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AfricaMoney | August 18, 2017

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Bank of Mauritius raises CRR on rupee deposits to tackle excess liquidity

Bank of Mauritius raises CRR on rupee deposits to tackle excess liquidity

The central bank has hiked the fortnightly average CRR from 8.0 per cent to 9.0 per cent and the daily minimum CRR from 5.5 per cent to 6.5 per cent, with effect from the fortnight starting today. (Image: Bank of Baroda)

Bank of Mauritius declared that the Cash Reserve Ratio (CRR) on rupee deposits will be raised starting today, in an effort to suck extra money from the banking system and to tackle excess liquidity.

Excess liquidity implies a scenario where there is too much money floating around in the banking system, and given that the GDP growth rate of the island economy has also slowed down from 3.4% in 2012 to 3.2% in 2013, it means a situation where there is too much money running after too few goods, leading to price rise or inflation.

Accordingly, to retain a higher proportion of the rupee deposits held by banks with itself, and to reduce excess money in the system, the central bank has hiked the fortnightly average CRR from 8.0 per cent to 9.0 per cent and the daily minimum CRR from 5.5 per cent to 6.5 per cent, with effect from the fortnight starting today.

However, it may be noted that there is no change in the fortnightly average CRR and the daily minimum CRR on foreign currency deposits, which remain at 6.0 per cent and 4.5 per cent, respectively.

The communiqué announced that the first maintenance period will run from May 2 to 15, 2014 where banks will have to maintain average rupee cash balances equivalent to 9.0 per cent of their average rupee deposit holdings and average foreign currency cash balances equivalent to 6.0 per cent of their average foreign currency deposit holdings for the period April 18, 2014 to May 1, 2014.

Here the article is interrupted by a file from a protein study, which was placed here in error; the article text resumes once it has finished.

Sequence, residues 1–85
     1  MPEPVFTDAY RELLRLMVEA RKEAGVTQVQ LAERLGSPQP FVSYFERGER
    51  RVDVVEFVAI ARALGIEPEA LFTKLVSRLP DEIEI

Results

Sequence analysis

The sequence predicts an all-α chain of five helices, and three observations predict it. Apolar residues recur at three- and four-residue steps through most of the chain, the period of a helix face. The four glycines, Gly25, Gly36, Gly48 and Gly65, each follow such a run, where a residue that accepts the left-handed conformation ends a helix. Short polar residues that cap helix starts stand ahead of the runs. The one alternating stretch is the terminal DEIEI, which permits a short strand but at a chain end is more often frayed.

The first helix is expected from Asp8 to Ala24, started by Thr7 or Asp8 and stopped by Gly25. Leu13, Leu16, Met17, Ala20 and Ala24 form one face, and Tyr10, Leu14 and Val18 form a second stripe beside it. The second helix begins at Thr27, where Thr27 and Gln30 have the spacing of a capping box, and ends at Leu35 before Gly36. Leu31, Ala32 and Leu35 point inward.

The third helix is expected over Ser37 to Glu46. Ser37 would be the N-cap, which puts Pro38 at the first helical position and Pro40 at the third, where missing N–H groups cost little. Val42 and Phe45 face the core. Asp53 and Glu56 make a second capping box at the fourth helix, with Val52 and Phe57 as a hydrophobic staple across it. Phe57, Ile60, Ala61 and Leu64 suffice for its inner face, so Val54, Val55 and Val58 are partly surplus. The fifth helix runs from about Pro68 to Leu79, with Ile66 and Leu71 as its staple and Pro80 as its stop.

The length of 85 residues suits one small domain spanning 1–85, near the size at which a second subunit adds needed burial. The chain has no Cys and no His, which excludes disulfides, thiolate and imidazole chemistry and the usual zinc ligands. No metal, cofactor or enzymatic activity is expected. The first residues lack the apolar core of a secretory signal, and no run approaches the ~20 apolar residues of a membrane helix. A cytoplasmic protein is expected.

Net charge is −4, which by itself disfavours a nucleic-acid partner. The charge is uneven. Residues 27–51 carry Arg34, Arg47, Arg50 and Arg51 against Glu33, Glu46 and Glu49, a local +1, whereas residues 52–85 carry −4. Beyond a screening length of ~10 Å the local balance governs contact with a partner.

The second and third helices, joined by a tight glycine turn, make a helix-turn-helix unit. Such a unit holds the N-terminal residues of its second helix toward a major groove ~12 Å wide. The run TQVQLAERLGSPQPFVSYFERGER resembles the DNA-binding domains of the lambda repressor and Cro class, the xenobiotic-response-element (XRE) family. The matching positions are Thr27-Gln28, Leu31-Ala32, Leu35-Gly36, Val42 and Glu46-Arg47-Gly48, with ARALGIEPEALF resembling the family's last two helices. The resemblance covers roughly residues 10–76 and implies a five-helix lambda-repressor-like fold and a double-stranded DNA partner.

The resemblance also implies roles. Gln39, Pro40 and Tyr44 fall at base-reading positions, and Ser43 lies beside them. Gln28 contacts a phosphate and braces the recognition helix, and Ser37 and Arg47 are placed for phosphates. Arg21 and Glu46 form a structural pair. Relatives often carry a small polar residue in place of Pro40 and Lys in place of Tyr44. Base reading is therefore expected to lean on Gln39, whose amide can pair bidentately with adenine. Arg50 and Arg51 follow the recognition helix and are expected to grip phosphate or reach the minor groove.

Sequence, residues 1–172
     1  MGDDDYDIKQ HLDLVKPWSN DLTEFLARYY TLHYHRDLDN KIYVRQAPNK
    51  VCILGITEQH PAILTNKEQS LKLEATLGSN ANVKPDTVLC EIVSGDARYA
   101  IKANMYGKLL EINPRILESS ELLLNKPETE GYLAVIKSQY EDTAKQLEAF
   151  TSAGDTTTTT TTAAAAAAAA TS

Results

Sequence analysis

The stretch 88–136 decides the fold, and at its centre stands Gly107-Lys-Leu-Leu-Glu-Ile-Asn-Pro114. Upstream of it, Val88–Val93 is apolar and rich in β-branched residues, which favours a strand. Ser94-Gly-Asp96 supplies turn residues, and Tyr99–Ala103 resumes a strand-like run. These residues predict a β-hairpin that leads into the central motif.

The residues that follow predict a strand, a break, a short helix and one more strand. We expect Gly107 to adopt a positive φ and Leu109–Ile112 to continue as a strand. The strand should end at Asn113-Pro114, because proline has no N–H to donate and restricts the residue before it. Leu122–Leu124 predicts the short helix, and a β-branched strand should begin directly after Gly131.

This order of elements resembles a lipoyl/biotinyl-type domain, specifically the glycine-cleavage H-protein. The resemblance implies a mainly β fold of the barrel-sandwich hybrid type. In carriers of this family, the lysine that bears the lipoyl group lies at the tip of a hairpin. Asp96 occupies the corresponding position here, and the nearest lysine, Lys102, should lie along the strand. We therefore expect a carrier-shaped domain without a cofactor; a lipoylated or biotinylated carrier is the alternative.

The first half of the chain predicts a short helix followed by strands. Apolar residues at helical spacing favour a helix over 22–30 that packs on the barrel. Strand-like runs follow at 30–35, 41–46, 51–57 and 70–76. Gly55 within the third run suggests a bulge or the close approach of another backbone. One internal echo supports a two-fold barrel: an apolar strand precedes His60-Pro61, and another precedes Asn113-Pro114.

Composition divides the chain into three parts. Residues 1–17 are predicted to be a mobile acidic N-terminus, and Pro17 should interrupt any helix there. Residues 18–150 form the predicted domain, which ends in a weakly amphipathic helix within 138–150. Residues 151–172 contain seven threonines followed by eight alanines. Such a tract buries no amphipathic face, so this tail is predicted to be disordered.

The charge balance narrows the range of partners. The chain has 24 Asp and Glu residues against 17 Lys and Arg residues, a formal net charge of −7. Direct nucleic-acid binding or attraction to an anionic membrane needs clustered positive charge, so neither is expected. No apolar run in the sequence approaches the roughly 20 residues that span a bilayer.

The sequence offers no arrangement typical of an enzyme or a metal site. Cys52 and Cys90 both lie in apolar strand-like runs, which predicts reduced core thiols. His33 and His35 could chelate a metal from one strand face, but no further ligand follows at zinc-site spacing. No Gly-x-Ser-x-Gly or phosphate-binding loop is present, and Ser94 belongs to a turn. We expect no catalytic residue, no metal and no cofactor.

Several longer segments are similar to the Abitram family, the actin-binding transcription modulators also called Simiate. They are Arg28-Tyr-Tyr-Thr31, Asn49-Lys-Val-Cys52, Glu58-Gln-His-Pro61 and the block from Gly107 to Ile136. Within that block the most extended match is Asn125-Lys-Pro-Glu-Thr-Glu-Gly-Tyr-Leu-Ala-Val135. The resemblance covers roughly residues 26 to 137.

Meanwhile, the Broad Money Liabilities (BML) of the central bank grew by Rs 2,711 million, from Rs 369,067 million at the end of February 2014 to Rs 371,778 million at the end of March 2014. The annual growth rate of BML went down from 7.0 per cent at the end of February 2014 to 6.8 per cent at the end of March 2014.

The broad components of BML are domestic credit, net claims on central government and net foreign assets of depository corporations.

With regard to the sources of BML, domestic credit climbed by Rs2,922 million, from Rs 435,872 million at the end of February 2014 to reach Rs 438,794 million at the end of March 2014. The annual rate of growth of domestic credit stood at 10.3 per cent at the end of March 2014, up from 9.1 per cent at the end of February 2014.

Net claims on central government are estimated at Rs 35,854 million at the end of March 2014 from Rs 34,818 million at the end of February 2014, representing a growth of Rs 1,036 million or 3.0 per cent.

Compared to an increase of 0.6 per cent recorded in February 2014, claims on other sectors amounted to Rs 402.941 million at the end of March 2014, representing an increase of Rs 1.886 million or 0.5 per cent.

Hence, the annual growth rate of claims on other sectors expanded at a higher rate 9.0 per cent at the end of March 2014 compared to 7.8 per cent at the end of February 2014.

The month of March saw a decline of Rs 2.787 million or 0.7 per cent in the net foreign assets of depository corporations. The net foreign assets of depository corporations stood at Rs 371.677 million at the end of March 2014, lesser than the Rs 374,464 million recorded at the end of February 2014.

Furthermore, net foreign assets went down by 6.2 per cent in the year to March 2014, as against an increase of 0.7 per cent in the year to February 2014.

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